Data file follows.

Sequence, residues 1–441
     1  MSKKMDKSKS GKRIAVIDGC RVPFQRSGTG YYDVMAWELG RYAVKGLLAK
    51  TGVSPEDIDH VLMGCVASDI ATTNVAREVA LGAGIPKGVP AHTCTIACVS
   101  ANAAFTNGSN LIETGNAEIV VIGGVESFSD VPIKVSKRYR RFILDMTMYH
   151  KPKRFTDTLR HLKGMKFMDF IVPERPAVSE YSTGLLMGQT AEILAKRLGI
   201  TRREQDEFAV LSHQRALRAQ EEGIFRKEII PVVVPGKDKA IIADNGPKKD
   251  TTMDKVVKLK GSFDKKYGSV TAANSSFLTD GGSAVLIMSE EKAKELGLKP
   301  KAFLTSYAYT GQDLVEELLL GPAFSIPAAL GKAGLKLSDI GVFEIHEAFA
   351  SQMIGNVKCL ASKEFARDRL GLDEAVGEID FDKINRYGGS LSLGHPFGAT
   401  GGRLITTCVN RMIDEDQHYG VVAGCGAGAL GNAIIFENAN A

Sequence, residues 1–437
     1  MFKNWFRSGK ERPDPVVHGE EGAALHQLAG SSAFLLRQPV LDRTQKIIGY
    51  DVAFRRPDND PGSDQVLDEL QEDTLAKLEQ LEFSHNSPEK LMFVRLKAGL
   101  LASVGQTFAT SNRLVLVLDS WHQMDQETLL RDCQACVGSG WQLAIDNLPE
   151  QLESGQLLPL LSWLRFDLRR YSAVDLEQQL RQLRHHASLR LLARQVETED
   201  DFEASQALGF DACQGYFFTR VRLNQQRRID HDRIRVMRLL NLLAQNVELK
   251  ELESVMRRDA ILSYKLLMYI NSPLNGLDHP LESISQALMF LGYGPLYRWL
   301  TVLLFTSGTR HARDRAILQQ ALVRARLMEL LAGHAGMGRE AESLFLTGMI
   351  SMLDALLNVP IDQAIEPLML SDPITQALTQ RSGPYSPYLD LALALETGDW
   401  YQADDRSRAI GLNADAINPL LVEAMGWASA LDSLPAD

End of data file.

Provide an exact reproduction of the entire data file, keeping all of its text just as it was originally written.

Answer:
Sequence, residues 1–441
     1  MSKKMDKSKS GKRIAVIDGC RVPFQRSGTG YYDVMAWELG RYAVKGLLAK
    51  TGVSPEDIDH VLMGCVASDI ATTNVAREVA LGAGIPKGVP AHTCTIACVS
   101  ANAAFTNGSN LIETGNAEIV VIGGVESFSD VPIKVSKRYR RFILDMTMYH
   151  KPKRFTDTLR HLKGMKFMDF IVPERPAVSE YSTGLLMGQT AEILAKRLGI
   201  TRREQDEFAV LSHQRALRAQ EEGIFRKEII PVVVPGKDKA IIADNGPKKD
   251  TTMDKVVKLK GSFDKKYGSV TAANSSFLTD GGSAVLIMSE EKAKELGLKP
   301  KAFLTSYAYT GQDLVEELLL GPAFSIPAAL GKAGLKLSDI GVFEIHEAFA
   351  SQMIGNVKCL ASKEFARDRL GLDEAVGEID FDKINRYGGS LSLGHPFGAT
   401  GGRLITTCVN RMIDEDQHYG VVAGCGAGAL GNAIIFENAN A

Sequence, residues 1–437
     1  MFKNWFRSGK ERPDPVVHGE EGAALHQLAG SSAFLLRQPV LDRTQKIIGY
    51  DVAFRRPDND PGSDQVLDEL QEDTLAKLEQ LEFSHNSPEK LMFVRLKAGL
   101  LASVGQTFAT SNRLVLVLDS WHQMDQETLL RDCQACVGSG WQLAIDNLPE
   151  QLESGQLLPL LSWLRFDLRR YSAVDLEQQL RQLRHHASLR LLARQVETED
   201  DFEASQALGF DACQGYFFTR VRLNQQRRID HDRIRVMRLL NLLAQNVELK
   251  ELESVMRRDA ILSYKLLMYI NSPLNGLDHP LESISQALMF LGYGPLYRWL
   301  TVLLFTSGTR HARDRAILQQ ALVRARLMEL LAGHAGMGRE AESLFLTGMI
   351  SMLDALLNVP IDQAIEPLML SDPITQALTQ RSGPYSPYLD LALALETGDW
   401  YQADDRSRAI GLNADAINPL LVEAMGWASA LDSLPAD